I can't seem to get enough of Tom McGuane. His writing, anyway. His pithy, pointed and pungent phrasing - please note the alliteration here - always seems to be on target. In this short, self deprecating essay Tom is going pheasant hunting with his pointer, Molly…
...As I get ready Molly stays close to me, prancing like a cheerleader. A small cloud of butterflies dances across the tractor ruts and Molly makes after them like a rocking horse but returns to my side when I whistle.
All right, ready to go. "find some birds," I tell her. She gives me one last look, as though from the cockpit of a fighter plane, and pours it on. I don't believe this. My heart begins to sink as she ticks off the first 880 and I realize nothing has changed.
I walk gloomily along a shelter belt of Lombardy poplars with only the vaguest reference to the to the shrinking liver-and-white form in the distance. At the far end of the field, I see her stop, lock up on point, then selfishly pounce into the middle of the birds. Gloom. Gloom. Pheasants scatter. But wait -- my God! They're flying this way.
Like the lowest kind of dry-gulch artist, I crouch in the hedgerow. The pheasants keep coming, Molly yelping along behind. At fifty yards I rise to the balls of my feet. At twenty I stand up out of the brambles and… shoot a double! Two cock pheasants tumble. I scramble around to gather them up before my dog can rend and eat them.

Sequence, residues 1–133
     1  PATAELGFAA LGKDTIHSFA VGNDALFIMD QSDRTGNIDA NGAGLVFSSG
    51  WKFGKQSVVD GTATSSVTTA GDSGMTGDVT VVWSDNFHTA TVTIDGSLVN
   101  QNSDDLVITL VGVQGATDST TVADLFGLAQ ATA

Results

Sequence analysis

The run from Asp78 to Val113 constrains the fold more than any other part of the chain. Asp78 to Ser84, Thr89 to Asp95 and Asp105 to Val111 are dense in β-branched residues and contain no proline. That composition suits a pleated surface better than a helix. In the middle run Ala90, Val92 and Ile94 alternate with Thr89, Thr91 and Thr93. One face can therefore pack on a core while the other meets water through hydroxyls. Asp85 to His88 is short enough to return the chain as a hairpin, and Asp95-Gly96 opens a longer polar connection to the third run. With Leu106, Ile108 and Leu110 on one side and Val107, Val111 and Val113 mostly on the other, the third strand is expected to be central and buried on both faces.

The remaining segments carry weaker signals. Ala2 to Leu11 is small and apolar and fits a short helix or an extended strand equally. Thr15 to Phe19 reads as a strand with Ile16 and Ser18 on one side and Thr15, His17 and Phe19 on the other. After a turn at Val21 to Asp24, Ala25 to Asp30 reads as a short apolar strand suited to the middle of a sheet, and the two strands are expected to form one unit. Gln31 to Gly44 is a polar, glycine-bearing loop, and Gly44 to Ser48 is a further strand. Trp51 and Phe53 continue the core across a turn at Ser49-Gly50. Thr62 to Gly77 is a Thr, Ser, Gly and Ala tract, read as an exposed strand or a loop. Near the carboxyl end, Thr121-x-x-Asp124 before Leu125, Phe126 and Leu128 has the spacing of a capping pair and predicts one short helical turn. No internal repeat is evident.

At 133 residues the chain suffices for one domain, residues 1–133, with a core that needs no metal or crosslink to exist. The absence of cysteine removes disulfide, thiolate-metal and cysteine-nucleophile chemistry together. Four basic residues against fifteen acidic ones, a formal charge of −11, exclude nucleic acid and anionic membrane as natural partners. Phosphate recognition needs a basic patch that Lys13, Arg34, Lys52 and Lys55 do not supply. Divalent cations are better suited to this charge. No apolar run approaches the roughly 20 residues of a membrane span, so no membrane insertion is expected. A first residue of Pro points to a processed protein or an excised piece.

I hang the handsome birds from my belt. Their rich, satisfying odor keeps man's best friend trot ting along at my side. Now and again I hear her teeth click lightly. There is a spring I know near the thorn grove where I can gather some wild, peppery watercress for our game dinner.
At last that perfect symbiosis between man and his dog! I finally feel Molly is as good a hunter as I am.
We approach the Land Rover. The cloud of butterflies blows across the tractor ruts again, and I check myself from pursuit.
MOLLY from An Outside Chance by Thomas McGuane
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